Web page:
Chavez argued that the PSUV had to fight to avoid the rise of a
“new Bolivarian oligarchy”, of a new layer of capitalists, because
these groups could easily convert themselves into traitors and
counterrevolutionaries. He added it is important to stop capitalists
infiltrating the PSUV.

Fifty roundtables have been established in which delegates from
across the country are debating these proposed objectives and program.

The congress convenes on weekends, with delegates reporting back to
their socialist circumscriptions (districts) that unite between 7 to 12
socialist battalions (local branches) during the week. Before final
decisions are taken, scheduled for March, a discussion of the issues
from the congress will take place at all levels of the

Road to the congress

When Chavez first announced the formation of the PSUV in December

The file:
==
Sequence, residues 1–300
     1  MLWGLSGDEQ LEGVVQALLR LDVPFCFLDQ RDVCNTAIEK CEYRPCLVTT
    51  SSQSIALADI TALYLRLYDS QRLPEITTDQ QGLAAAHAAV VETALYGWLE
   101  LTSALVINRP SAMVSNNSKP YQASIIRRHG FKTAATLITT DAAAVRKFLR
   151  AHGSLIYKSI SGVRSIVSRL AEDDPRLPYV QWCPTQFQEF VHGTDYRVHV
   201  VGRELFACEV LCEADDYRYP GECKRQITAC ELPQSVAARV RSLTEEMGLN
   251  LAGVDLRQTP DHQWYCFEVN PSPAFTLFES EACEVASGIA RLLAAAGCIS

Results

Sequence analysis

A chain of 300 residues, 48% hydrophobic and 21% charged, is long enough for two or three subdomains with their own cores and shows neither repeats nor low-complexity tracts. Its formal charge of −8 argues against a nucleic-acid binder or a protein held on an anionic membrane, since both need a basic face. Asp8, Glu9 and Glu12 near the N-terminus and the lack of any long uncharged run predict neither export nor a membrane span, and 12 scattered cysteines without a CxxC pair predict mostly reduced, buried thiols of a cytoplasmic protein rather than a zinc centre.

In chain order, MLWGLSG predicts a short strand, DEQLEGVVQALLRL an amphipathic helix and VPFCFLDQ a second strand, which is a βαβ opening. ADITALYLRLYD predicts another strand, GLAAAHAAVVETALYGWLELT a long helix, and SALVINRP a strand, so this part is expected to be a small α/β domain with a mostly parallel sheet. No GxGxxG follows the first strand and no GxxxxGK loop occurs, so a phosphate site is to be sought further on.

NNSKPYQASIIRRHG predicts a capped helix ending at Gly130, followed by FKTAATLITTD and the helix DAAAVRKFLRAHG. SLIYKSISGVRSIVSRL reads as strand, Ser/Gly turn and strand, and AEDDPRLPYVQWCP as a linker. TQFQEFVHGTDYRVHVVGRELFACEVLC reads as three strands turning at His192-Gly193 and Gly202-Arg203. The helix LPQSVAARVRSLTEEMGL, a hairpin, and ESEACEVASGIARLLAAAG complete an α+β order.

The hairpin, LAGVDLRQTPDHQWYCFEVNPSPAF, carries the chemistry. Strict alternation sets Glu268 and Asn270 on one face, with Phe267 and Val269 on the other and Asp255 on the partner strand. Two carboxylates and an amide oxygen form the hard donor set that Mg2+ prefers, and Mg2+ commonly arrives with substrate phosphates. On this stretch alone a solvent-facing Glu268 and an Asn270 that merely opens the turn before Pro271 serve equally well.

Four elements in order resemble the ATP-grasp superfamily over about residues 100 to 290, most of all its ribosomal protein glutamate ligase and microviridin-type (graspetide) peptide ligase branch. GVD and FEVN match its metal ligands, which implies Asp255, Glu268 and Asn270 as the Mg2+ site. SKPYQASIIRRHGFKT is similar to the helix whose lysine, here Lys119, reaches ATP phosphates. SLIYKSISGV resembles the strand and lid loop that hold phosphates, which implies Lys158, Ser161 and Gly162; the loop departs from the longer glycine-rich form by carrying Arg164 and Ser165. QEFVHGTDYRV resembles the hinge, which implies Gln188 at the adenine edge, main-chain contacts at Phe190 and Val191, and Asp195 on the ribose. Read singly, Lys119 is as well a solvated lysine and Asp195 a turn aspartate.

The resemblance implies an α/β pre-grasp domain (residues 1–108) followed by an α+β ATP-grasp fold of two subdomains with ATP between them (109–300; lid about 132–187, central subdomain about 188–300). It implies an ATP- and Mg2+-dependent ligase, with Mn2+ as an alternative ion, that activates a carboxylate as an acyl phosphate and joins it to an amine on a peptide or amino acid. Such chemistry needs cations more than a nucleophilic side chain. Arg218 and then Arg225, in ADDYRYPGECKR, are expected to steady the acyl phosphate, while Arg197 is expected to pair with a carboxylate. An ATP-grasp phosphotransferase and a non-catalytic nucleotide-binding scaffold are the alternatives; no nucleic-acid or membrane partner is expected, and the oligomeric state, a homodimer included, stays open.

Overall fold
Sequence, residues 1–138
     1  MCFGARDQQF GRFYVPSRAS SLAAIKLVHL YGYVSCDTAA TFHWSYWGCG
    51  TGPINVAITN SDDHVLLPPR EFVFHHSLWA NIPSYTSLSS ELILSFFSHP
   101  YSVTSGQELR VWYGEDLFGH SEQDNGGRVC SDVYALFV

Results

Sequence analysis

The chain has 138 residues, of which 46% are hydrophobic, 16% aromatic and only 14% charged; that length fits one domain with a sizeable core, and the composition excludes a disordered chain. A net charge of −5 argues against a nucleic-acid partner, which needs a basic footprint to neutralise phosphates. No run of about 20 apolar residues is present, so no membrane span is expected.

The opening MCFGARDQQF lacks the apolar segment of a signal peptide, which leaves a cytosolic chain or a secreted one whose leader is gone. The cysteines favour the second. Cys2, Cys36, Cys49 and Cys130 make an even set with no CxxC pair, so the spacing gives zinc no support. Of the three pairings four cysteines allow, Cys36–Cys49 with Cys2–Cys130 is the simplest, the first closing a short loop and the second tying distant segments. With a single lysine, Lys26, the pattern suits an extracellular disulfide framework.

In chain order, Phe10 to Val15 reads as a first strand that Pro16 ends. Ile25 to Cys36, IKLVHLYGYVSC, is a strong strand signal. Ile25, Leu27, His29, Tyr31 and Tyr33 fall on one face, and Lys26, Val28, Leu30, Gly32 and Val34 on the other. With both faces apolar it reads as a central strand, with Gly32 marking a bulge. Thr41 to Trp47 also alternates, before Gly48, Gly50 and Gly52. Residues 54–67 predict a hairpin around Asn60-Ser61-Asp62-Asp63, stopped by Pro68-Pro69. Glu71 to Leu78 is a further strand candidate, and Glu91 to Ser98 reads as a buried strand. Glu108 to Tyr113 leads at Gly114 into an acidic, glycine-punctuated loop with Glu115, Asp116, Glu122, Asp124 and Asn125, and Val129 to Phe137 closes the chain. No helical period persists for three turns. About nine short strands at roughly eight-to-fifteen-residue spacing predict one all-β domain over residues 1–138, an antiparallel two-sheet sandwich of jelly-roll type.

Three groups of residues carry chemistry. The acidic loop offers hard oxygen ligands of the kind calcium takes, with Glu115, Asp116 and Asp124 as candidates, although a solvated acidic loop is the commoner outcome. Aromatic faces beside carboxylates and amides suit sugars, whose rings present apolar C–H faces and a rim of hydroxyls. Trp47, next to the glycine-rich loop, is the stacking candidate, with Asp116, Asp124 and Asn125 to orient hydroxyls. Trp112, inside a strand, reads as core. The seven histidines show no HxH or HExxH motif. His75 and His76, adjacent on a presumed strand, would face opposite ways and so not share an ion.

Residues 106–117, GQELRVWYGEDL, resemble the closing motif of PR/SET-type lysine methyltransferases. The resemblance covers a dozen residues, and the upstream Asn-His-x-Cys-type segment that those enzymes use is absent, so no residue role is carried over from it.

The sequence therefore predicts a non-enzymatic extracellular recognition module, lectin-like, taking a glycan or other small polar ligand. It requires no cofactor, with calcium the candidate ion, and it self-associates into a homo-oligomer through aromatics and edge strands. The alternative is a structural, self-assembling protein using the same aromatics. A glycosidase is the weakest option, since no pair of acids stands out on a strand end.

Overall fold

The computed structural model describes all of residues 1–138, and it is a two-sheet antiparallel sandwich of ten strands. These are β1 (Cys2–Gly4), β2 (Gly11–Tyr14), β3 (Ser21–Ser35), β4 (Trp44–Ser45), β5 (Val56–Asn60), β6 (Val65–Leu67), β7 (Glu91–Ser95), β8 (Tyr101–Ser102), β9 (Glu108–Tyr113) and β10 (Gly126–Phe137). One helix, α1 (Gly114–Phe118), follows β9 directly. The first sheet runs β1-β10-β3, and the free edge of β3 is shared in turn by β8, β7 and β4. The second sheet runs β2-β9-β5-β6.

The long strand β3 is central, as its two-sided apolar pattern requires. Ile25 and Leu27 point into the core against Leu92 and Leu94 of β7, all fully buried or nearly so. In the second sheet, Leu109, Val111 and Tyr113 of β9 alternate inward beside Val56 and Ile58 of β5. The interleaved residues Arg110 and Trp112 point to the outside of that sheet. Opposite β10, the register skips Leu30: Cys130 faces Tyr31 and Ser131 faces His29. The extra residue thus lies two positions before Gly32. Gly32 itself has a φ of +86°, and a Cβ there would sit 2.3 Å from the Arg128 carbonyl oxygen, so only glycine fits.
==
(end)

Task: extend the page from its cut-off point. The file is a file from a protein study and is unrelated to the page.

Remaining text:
2006 he made clear that the party “needs new faces”. He went on to
describe how the new party should be built from the bottom up and how
the party should build revolutionary consciousness. “In this new party
the bases will elect the leaders. This will allow real leaders to

The formation of the first technical committee charged with
coordinating the development of the party until its founding congress
also echoed this sentiment and to a large extent by-passed the
traditional bureaucracies that dominated the major parties in the
pro-Chavez camp.

However, problems began to emerge on two fronts as the PSUV
prepared its public campaign to register potential members. On one
hand, there was the disorganisation during the first few months in
organising some 20,000 promoters for the registration campaign.

This led to moves by those associated with different power blocs in
the now dissolved Movement for the Fifth Republic (MVR) — Chavez’s
party and the largest pro-Chavez group until the PSUV — to make moves
towards controlling selection of promoters. These promoters went on to
become de facto organisers of a large number of the local battalions.

At the same time, the aggressive discourse of Chavez who called on